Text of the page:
"When the motorcycle and the Stolte car came together I was thrown over the front end of the Smith car about 5 or 6 feet ahead of it.

"Q. Do you know whether you left the motorcycle at once or did the motorcycle come with you? A. The motorcycle came with me for a while until I let go.

"Q. The motorcycle went to the ground did it as it struck the Stolte car? A. Yes.

"Q. And went over toward the south? A. Towards the Smith car.

"Q. And you went headlong over the front of the Smith car? A. Yes.

"Q. Do you know where you landed? A. About 5 or 6 feet in front of the Smith car on the shoulder right off the pavement.

* * *

"Q. Do you have any idea how far you were thrown? A. Well, I was thrown about 5 or 6 feet in front of the car, so I couldn't have been thrown over 10 feet altogether.

"Q. That is at the time of the impact when your brother's motorcycle struck the Stolte car you were thrown about 10 feet?

"Mr. Duxbury: That is contrary to the testimony.

"The Witness: I said after we hit and then I was thrown over the radiator about 5 or 6 feet in front of the Smith car.

"Q. You didn't say 10 feet altogether? A. No, not altogether.

"Q. But after your motorcycle and the Stolte car came together you were thrown over the Smith car? A. Over the radiator of it.

"Q. Your body came to rest about 5 feet ahead of it? A. Yes."

Clarence H. Witt, driver of the Witt car, testified:

"Q. Did you see the actual impact between the motorcycle and the Stolte car? A. I did.

"Q. You saw that? A. Yes sir.

"Q. Where was the front end of the Stolte car at that time? A. Over the center black line and it was over, I would say 4 feet.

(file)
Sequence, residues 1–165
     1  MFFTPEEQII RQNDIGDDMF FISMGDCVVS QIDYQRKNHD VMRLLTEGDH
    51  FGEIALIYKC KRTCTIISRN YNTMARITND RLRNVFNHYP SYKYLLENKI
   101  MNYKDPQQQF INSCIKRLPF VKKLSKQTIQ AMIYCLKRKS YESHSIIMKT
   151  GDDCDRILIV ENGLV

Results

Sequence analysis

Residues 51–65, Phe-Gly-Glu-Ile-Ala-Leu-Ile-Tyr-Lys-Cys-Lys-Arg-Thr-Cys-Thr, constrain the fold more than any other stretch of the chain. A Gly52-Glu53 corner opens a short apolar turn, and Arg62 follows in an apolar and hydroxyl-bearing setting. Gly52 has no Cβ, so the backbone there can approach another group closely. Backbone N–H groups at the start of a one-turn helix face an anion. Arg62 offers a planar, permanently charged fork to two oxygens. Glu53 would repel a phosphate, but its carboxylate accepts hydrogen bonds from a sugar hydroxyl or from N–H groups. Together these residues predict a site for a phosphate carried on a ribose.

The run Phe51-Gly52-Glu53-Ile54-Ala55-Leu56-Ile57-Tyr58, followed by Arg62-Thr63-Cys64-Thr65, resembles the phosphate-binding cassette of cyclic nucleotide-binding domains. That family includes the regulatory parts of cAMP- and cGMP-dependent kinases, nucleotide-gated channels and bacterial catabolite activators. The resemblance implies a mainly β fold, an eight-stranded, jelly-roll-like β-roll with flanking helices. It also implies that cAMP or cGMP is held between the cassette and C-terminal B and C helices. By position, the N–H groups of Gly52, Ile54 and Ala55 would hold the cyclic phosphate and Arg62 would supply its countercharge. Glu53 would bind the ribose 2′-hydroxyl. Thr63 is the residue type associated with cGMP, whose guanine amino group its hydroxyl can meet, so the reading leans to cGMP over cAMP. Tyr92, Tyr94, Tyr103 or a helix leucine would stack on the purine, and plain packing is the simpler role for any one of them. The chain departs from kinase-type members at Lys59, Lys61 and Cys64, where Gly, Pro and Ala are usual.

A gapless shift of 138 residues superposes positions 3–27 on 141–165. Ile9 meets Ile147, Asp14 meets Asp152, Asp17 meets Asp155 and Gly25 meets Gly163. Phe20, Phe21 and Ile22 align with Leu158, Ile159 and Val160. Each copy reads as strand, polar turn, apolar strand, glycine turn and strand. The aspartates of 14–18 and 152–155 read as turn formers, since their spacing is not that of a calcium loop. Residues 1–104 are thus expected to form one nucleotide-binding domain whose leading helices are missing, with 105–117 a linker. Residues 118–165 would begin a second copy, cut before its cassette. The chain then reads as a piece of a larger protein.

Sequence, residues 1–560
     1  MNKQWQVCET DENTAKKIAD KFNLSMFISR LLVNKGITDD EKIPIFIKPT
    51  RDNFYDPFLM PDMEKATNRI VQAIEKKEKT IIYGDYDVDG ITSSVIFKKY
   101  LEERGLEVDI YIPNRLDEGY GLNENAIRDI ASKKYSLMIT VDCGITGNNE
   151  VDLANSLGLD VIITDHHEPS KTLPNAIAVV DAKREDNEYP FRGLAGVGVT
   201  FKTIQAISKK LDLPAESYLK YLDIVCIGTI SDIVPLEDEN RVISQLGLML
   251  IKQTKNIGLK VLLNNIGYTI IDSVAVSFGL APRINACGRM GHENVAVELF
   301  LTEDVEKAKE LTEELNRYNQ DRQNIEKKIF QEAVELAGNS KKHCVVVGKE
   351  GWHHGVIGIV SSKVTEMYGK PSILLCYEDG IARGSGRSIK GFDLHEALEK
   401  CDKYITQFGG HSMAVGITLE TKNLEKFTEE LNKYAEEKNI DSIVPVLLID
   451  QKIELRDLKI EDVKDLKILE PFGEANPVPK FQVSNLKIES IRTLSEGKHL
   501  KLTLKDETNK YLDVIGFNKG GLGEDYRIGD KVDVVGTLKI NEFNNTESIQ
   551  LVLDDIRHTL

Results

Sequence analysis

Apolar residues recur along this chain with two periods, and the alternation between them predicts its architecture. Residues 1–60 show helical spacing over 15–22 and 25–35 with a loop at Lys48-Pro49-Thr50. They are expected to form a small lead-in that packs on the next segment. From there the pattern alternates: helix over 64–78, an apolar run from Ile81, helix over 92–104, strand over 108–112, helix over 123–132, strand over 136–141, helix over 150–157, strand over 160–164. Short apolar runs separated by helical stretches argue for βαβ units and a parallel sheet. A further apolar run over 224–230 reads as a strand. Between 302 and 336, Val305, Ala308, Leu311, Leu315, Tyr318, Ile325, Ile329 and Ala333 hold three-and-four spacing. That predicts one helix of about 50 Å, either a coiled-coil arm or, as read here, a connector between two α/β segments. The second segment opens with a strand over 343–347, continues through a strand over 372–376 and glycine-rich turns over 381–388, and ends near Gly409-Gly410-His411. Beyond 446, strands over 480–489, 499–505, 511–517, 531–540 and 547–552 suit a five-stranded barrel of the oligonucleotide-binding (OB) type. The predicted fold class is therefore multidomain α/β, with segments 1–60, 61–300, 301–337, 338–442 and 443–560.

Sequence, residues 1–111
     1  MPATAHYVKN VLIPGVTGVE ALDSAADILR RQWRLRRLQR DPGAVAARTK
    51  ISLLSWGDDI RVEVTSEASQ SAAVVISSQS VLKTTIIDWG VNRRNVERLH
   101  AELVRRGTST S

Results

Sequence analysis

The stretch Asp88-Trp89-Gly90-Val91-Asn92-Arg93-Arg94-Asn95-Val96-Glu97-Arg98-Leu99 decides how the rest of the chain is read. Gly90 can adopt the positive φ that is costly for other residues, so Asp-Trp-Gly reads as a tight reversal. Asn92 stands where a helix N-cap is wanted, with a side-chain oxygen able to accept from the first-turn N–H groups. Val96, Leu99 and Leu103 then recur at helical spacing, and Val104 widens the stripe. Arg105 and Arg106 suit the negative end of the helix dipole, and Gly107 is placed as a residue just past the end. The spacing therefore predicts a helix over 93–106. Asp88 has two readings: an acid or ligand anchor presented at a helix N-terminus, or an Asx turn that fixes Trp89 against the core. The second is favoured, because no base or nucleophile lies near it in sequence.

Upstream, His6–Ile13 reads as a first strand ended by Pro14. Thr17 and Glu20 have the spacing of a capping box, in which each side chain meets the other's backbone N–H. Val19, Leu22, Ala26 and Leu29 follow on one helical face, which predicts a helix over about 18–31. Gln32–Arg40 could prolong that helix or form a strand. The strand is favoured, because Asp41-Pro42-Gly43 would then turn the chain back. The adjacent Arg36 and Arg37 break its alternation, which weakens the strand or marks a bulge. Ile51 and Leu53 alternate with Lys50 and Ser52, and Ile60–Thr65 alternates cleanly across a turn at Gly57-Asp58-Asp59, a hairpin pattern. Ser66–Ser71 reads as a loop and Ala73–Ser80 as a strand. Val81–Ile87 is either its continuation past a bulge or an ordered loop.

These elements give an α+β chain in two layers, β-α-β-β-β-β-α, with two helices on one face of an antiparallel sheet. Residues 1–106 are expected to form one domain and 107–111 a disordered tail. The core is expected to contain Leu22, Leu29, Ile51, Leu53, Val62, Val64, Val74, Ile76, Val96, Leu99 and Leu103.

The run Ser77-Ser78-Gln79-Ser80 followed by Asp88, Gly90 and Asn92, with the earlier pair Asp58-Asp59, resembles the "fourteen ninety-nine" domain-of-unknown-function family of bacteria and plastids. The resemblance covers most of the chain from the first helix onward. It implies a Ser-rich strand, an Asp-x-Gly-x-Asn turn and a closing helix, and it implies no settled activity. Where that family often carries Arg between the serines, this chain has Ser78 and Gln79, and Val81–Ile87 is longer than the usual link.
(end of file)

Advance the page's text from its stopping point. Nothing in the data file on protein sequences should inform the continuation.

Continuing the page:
* * *

"Q. The impact between the Stolte car and the motorcycle happened towards the rear of your car? A. Towards the rear, yes.

"Q. So the motorcycle came up along side of you didn't it? A. Not alongside of me.

"Q. How did it come up to you? A. You mean meeting it, it was opposite me.

"Q. How close was he to you when you met him? A. Oh he was on his side of the black line, I would say about 2 or 3 feet or something on that order and I was on my side of it."

When the collision occurred the drivers of the Stolte and Smith cars applied their brakes and stopped the cars immediately. It was found that the Stolte car stood *229 across the center line of the road with its front end three or four feet over the line on the west or wrong side thereof. The rear end of the Stolte car had passed the rear end of the Smith car by about two feet.

The contention that the evidence does not support a finding of negligence is based upon the argument (1) that it was physically impossible for the accident to have occurred as claimed by plaintiffs and (2) that the evidence tends to support two wholly irreconcilable propositions.

The evidence is sufficient to authorize submission to the jury. There can be no serious question that the oral testimony given by the two plaintiffs and Mr. and Mrs. Witt makes a clear direct case of negligence if it is taken alone. The gravamen of this contention as to insufficient evidence is really that certain physical facts which are not in dispute are contended as showing that the above oral testimony could not be true and, therefore, the cases should not have been submitted to the jury.

As a rule of law, it is true that where undisputed physical facts are entirely inconsistent with and opposed to testimony necessary to make out a case for the plaintiff, the physical facts must control. No jury can be allowed to return a verdict based upon oral testimony which is flatly opposed to physical facts, the existence of which is thus established. Elzig v. Gudwangen, 8 Cir., 91 F.2d 434, 440.